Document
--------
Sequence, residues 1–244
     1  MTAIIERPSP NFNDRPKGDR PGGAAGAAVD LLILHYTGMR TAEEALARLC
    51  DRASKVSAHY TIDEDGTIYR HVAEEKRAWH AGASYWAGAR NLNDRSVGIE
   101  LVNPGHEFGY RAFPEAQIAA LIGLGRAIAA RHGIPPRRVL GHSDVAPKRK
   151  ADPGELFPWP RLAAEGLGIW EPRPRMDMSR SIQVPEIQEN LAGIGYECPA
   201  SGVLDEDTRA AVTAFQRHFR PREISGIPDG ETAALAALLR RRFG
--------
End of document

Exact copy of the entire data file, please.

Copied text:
Sequence, residues 1–244
     1  MTAIIERPSP NFNDRPKGDR PGGAAGAAVD LLILHYTGMR TAEEALARLC
    51  DRASKVSAHY TIDEDGTIYR HVAEEKRAWH AGASYWAGAR NLNDRSVGIE
   101  LVNPGHEFGY RAFPEAQIAA LIGLGRAIAA RHGIPPRRVL GHSDVAPKRK
   151  ADPGELFPWP RLAAEGLGIW EPRPRMDMSR SIQVPEIQEN LAGIGYECPA
   201  SGVLDEDTRA AVTAFQRHFR PREISGIPDG ETAALAALLR RRFG